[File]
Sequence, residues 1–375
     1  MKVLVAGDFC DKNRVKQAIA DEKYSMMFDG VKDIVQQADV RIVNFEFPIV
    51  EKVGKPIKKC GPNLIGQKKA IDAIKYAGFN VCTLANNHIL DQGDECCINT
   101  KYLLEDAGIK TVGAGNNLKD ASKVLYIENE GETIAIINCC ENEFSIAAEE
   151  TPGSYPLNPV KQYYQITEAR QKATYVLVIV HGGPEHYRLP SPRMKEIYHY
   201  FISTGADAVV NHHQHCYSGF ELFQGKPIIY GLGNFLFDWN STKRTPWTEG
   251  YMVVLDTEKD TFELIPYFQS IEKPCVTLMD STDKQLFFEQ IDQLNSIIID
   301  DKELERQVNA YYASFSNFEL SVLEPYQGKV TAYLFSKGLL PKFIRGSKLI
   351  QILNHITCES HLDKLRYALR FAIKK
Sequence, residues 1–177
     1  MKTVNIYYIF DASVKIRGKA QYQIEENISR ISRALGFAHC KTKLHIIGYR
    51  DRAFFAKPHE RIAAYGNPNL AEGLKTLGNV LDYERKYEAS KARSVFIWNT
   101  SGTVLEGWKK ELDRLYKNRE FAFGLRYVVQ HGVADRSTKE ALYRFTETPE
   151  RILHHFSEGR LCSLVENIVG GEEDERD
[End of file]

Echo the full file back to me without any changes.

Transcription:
Sequence, residues 1–375
     1  MKVLVAGDFC DKNRVKQAIA DEKYSMMFDG VKDIVQQADV RIVNFEFPIV
    51  EKVGKPIKKC GPNLIGQKKA IDAIKYAGFN VCTLANNHIL DQGDECCINT
   101  KYLLEDAGIK TVGAGNNLKD ASKVLYIENE GETIAIINCC ENEFSIAAEE
   151  TPGSYPLNPV KQYYQITEAR QKATYVLVIV HGGPEHYRLP SPRMKEIYHY
   201  FISTGADAVV NHHQHCYSGF ELFQGKPIIY GLGNFLFDWN STKRTPWTEG
   251  YMVVLDTEKD TFELIPYFQS IEKPCVTLMD STDKQLFFEQ IDQLNSIIID
   301  DKELERQVNA YYASFSNFEL SVLEPYQGKV TAYLFSKGLL PKFIRGSKLI
   351  QILNHITCES HLDKLRYALR FAIKK
Sequence, residues 1–177
     1  MKTVNIYYIF DASVKIRGKA QYQIEENISR ISRALGFAHC KTKLHIIGYR
    51  DRAFFAKPHE RIAAYGNPNL AEGLKTLGNV LDYERKYEAS KARSVFIWNT
   101  SGTVLEGWKK ELDRLYKNRE FAFGLRYVVQ HGVADRSTKE ALYRFTETPE
   151  RILHHFSEGR LCSLVENIVG GEEDERD